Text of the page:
Two years of walking the streets of New York in a dress shirt and suit jacket left Justin Baer feeling a prisoner of discomfort. Then one day, an idea hit him that just might set him free from his “Midtown Uniform.”
Problem was, no one had invented it yet. Solution was, he could invent it himself.
“I hate the long-sleeve dress shirt; it’s hot, it’s itchy and I don’t want to dry clean it,” Baer said. “I thought it would be nice to get a T-shirt or polo shirt that works like a dress shirt—a dress polo. I kept talking about it and eventually my 7-year-old daughter said, ‘Dad, you’ve got to do a TikTok video!’”
Standing on a chair and ranting against the oppression of long-sleeve dress shirts, Baer became a social media sensation. The owner of a text message marketing business was about to put his money where his mouth was and become a fashion mogul, too.
Eighteen months since Collars & Co. opened for business on Shopify, the simple idea of a golf shirt people could throw a blazer on top of without looking like they just came to dinner straight from the golf course, has done $1.5 million in sales and blossomed into an entire outerwear line. Today’s increasingly casual return-to-office climate could put even more wind in the fledging brand’s sails.
Baer knew his idea was a winner, but with only one employee that he hired just two months ago, what he needed was help and guidance.
“Growing up, my dad was my main mentor, but he passed away about 10 years ago, so I feel like I’m doing this all on my own—I don’t have that backboard to bounce things off of,” Baer said. “And I’ve never built a fashion brand before.”
Where better to find that than on ‘Shark Tank’?
“We’re looking to raise money to grow really fast building out our team,” Baer said of his pitch to the Sharks on ABC’s long-running entrepreneurial game show. “I need marketing, inventory and, mentorship, really—advice.”
Friday night, at 8 p.m. EST, all of America will get to see how Baer’s pitch to the investors went. He’s precluded from discussing any details of the show until it does, but he’ll be watching it with friends and family from a country club outside his home in the Washington, D.C. area.
If Baer’s business sounds a bit further along than that of the typical ‘Shark Tank’ contestant with a quirky protoype they made in their basement, part of that has to do with the time it takes to get on the show.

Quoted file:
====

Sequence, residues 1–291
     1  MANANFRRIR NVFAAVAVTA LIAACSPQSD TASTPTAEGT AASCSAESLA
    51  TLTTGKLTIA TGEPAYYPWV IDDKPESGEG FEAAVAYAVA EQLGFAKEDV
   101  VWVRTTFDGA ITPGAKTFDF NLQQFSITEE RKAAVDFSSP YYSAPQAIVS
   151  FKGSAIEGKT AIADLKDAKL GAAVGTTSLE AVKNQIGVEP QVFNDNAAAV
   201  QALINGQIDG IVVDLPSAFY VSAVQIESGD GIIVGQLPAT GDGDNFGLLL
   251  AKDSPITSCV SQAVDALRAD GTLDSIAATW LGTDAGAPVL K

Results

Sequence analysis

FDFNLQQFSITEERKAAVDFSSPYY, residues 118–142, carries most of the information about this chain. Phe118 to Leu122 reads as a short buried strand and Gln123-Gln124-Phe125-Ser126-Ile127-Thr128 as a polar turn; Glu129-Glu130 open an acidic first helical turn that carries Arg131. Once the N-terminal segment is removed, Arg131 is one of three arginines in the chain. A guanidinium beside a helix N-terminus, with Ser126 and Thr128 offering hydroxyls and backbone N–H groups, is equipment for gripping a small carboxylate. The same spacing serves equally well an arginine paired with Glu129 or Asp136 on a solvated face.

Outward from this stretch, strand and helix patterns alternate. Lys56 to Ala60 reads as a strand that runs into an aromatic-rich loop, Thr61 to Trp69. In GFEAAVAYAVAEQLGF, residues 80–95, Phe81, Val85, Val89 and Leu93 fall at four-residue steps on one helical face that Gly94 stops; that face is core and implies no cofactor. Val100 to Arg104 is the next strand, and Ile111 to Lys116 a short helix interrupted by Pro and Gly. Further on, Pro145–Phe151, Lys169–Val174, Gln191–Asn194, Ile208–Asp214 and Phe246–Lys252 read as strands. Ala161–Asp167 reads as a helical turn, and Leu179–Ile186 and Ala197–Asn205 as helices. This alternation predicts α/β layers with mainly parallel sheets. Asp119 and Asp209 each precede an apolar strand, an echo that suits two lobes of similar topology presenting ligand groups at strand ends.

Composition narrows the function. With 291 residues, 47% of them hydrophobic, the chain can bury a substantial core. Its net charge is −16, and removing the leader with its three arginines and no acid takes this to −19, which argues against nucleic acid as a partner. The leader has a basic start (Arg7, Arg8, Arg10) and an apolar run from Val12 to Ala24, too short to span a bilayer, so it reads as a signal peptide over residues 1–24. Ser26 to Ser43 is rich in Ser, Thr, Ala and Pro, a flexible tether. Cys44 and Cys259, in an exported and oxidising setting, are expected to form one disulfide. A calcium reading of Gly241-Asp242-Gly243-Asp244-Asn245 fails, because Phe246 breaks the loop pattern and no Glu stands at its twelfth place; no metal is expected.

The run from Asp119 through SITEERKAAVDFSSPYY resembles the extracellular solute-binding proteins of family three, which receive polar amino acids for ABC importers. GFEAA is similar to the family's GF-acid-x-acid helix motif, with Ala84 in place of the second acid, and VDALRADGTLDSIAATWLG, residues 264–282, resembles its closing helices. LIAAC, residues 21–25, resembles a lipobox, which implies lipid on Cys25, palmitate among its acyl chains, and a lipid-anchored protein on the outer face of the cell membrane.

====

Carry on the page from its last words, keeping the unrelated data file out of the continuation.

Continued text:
“The Shark Tank interview process is pretty long. I applied a fairly long time ago and sales have been rockin’ and rollin’,” Baer said, reminded of how he barely recognized himself in teaser footage ABC released to promote his episode. “The crazy thing with the show is, it was a good thing I memorized what I was going to say in the beginning, because the words were coming out of my mouth but my mind just goes blank.”
However Baer’s swim in the ‘Shark Tank’ turns out, business for Collars & Co. is booming, growing at a 25 percent clip, the founder says.
Much of the early success can be attributed to the endorsement of celebrity athletes in former New York Giants running back Tiki Barber and British golf legend Sir Nick Faldo, both of whom have modeled for the website.
“Nick Faldo’s agent actually reached out to us and said he’s a big fan of the brand, could we get him some shirts?” Baer said. “I sent them to him, he sent them to Nick and Nick loved them.”
A month later, Faldo was headed to Baer’s neighborhood to do color commentary for a tournament on CBS. Baer asked Faldo’s agent if he would be up for a photo shoot, and not only did he say ‘yes’, but Baer wound up picking Faldo up at baggage claim and having dinner with the six-time major championship winner.
“We kind of created a new category of shirt—maybe similar to the way Untuckit did; we created this new category of a firm-collared dress shirt that you can wear casually,” Baer said. “It’s somewhat of a new, inventive product in men’s apparel which doesn’t always get much in the way of that.”
Baer said he is currently carried by select brick-and-mortar retailers and hopes to be in more by 2023.
“As a kid, I was always coming up with ideas,” he said. “I had a lot of bad ideas, too, but a couple of decent hits.”